of the Venetian High Renaissance.

The Venetian painter Giorgione was born Giorgio Barbarelli da Castelfranco in 1475/8 although his exact birthdate is not known. His birthplace was the town of Castelfranco Veneto, just outside of Venice, Giorgione grew up in this cultural and commercial city. Extraordinarily little is known about this artist and no more than six paintings have been entirely attributed to him. He served his apprenticeship in the workshop of the renowned artist Giovanni Bellini and met the artist Titian who was also apprenticed to Bellini. 

Most of the information that we have about his life comes from the writings of the art historian Giorgio Vasari. Vasari tended to embellish his accounts of the artist’s lives in his biographies. Given that he was writing years after the fact, his waxing lyrical about the artist's gentle manner, excellent lute playing, and fine singing voice may have been given more weight by Vasari’s exuberant style of writing 

Giorgione was a distinguished and charming person and a great lover of music (Vasari). He was also becoming recognised for his painting abilities when he was about twenty-five years old, in or around 1502, he became established as an independent artist. Giorgione enjoyed the patronage of the Doge Andrea Gritti and the venetian ruler provided Giorgione with commissions. Giorgione was now a financially stable sought after artist. 

He introduced a style of painting that emphasised light and colour rather than the Florentine tradition of the shapes of objects and figures. Rather than relying on preliminary drawings, Giorgione adjusted his composition directly on the work surface. This method allowed his paintings to evolve guided by his brushwork alone. What is clear is that Giorgione did acquire a reputation for surpassing the work of Gentile and Giovanni Bellini, he did admire and learn from Leonardo’s work (as suggested by Vasari). Venetian painting had evolved, it now included new visions, with the landscape as subject matter. 

One of the works attributed to him is the "Madonna and Saints" of 1503. This is a very calm composition, painted with extraordinarily little drawing, note the contrast of the warm red robe against the Madonna's cool green dress. Titian did have a hand in finishing some of Giorgione's paintings after his premature death in 1510. The "Sleeping Venus" was certainly completed by Titian and the pose was copied by him in one of his later paintings. 

Giorgione painted The Old Woman over 500 years ago and yet this image of an old woman could be from any era, a universal portrayal of old age. The scroll reads; “with time” (“col tempo”) what a painting this is!  

Giorgione-Old-Woman.jpgThe Old Woman 1506, Gallerie dell'Accademia in Venice.

Giorgione's The Tempest.

His painting "The Tempest" was reputed to be the first landscape of Western painting and was completed in 1508.  

Giorgione’s paintings can be notoriously difficult to interpret. In the case of the Tempest, one theory suggests that the figure of the man separated from the naked breastfeeding woman by a deep gorge symbolises the natural chasm between men and women. The buildings in the background indicate that this divide can only be bridged by culture and indeed the landscape features an actual bridge that spans the watery barrier between the male and female figures of the painting. Various interpretations of this famous painting have been muted but its exact meaning remains elusive.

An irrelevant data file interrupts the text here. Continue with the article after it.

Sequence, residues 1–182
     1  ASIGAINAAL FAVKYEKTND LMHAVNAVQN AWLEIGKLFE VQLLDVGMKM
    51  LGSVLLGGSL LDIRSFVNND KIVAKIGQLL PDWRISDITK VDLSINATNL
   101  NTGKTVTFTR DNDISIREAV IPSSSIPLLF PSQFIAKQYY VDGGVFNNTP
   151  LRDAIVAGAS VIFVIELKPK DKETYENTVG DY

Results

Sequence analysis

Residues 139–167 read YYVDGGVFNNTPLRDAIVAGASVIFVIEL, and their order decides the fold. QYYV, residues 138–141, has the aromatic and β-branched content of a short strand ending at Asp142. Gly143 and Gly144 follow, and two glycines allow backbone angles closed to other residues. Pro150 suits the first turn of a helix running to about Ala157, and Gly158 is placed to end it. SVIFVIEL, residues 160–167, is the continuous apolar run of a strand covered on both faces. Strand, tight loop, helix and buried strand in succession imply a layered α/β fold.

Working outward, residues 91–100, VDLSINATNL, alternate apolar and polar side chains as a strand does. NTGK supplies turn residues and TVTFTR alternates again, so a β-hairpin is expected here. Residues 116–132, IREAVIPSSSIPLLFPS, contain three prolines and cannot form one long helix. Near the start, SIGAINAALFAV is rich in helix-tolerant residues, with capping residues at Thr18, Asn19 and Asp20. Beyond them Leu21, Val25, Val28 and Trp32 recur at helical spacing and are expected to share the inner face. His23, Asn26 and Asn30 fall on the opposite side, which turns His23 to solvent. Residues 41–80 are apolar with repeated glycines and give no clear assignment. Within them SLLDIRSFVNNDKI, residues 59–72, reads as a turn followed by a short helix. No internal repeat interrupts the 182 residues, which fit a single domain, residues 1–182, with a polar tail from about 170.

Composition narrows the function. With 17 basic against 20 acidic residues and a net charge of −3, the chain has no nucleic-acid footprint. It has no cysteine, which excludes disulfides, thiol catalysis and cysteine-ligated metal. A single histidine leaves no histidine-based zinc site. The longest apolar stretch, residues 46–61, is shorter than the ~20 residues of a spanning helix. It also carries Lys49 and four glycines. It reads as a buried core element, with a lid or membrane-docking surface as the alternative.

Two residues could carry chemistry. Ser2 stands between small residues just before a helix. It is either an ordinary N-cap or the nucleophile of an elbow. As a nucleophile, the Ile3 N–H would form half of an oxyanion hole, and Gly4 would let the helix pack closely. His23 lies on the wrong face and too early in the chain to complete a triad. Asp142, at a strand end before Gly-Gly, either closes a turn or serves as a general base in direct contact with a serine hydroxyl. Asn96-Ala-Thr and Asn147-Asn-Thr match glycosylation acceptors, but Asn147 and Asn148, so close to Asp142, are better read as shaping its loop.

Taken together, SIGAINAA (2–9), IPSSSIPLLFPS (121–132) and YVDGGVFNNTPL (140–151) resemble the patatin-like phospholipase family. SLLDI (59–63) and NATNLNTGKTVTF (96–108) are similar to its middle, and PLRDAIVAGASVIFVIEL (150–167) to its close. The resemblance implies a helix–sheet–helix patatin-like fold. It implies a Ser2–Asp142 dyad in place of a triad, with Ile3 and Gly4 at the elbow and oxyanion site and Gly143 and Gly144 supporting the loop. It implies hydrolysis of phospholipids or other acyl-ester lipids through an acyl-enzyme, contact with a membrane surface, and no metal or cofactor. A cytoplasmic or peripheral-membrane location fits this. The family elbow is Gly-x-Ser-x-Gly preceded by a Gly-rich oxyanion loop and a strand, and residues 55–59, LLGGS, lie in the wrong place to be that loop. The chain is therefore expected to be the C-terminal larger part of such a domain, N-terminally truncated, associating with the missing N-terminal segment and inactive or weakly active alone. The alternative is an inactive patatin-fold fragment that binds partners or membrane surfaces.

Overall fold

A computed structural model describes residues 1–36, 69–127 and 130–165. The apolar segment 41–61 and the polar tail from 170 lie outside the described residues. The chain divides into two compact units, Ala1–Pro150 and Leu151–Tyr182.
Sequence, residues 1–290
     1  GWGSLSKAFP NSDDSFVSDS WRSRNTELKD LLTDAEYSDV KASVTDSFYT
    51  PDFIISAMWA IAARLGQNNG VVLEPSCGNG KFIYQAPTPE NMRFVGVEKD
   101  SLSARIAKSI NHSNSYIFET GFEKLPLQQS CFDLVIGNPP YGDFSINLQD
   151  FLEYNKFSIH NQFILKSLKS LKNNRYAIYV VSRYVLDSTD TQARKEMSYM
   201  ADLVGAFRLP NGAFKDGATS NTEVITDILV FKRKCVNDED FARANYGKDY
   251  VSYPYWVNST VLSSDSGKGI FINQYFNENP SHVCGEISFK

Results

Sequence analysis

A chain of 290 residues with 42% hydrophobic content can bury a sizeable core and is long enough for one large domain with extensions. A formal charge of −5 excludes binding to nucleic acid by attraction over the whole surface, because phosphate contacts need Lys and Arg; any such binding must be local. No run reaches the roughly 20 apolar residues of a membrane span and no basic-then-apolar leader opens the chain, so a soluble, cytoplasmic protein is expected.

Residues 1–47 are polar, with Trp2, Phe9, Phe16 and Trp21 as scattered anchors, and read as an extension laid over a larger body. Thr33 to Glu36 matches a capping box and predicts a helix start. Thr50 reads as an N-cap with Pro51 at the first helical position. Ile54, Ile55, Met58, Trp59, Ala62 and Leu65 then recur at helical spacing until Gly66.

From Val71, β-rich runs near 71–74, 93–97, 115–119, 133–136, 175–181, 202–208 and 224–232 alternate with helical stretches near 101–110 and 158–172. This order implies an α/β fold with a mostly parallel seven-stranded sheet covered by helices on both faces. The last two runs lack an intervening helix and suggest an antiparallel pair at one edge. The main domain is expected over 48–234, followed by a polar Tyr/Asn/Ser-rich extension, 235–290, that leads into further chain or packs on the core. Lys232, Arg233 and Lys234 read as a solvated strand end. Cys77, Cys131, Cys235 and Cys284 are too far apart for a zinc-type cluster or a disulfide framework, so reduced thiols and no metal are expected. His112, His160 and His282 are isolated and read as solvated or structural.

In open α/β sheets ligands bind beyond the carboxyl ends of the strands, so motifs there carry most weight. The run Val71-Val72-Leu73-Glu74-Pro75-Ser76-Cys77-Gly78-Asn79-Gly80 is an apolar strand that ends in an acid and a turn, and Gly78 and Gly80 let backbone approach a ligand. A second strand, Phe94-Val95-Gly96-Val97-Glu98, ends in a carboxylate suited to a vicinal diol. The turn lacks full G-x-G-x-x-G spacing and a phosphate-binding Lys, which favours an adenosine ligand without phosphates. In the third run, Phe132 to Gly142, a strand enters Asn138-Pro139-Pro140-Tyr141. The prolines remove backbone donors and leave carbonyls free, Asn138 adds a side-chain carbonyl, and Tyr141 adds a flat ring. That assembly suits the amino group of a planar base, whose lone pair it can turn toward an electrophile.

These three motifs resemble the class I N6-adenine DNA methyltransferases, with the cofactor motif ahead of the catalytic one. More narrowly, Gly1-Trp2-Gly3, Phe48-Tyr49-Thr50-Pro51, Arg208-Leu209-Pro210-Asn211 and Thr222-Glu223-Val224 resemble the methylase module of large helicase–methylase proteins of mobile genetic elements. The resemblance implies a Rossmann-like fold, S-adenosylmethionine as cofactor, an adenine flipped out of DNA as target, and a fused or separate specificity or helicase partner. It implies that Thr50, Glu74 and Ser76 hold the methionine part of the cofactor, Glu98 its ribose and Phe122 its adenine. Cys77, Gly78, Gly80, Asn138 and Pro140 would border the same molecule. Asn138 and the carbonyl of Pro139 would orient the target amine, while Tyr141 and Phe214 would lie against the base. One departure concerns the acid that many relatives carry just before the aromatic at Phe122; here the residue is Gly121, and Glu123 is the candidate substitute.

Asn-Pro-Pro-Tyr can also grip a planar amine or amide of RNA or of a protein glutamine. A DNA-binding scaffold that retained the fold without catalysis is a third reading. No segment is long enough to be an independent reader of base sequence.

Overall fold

The Three Philosophers.

Once again, the landscape is a prominent feature of the artist's work.

The Three Philosophers features three individuals of different generations. The young man seated caries a pair of compasses, the middle-aged man wears a turban and Arab attire, and the older man holds a scroll of paper. Suggestions as to the identity of the three are many. Virgil, Aristotle and Averroes, or the old man is Plato! The three could also represent the Magi from the Biblical story of the three kings who follow the star leading to Bethlehem.  

The Concert Champêtre.

"The Concert Champêtre" (or Pastoral Concert) is a prime example of the difficulty in the attribution of his work. This painting has been attributed to both Giorgione and later Titian. 

The Concert Champêtre features two seated musicians engaged in conversation. They seem unaware of the presence of two nude female figures. The seated female is holding a flute while her companion stands to pour water into a trough. 

The idyllic peaceful scene is set in a serene landscape so typical of Giorgione’s style. A shepherd in the background is also playing the flute completing the musical harmonious theme of the painting. 

Although Giorgione completed relatively few paintings his innovative mastery of light and landscape has left masterpieces that influenced artists such as Titian.  

Falling victim to the plague, Giorgione died in 1510. His art conveyed a feeling of light and air with his trees, figures, and clouds set within nature. His landscapes are part of the whole composition and not just there to support his human subjects, and this had a lasting influence on future generations of artists. Despite Giorgione's tragically early death his art had a profound influence on the high renaissance in Italy and beyond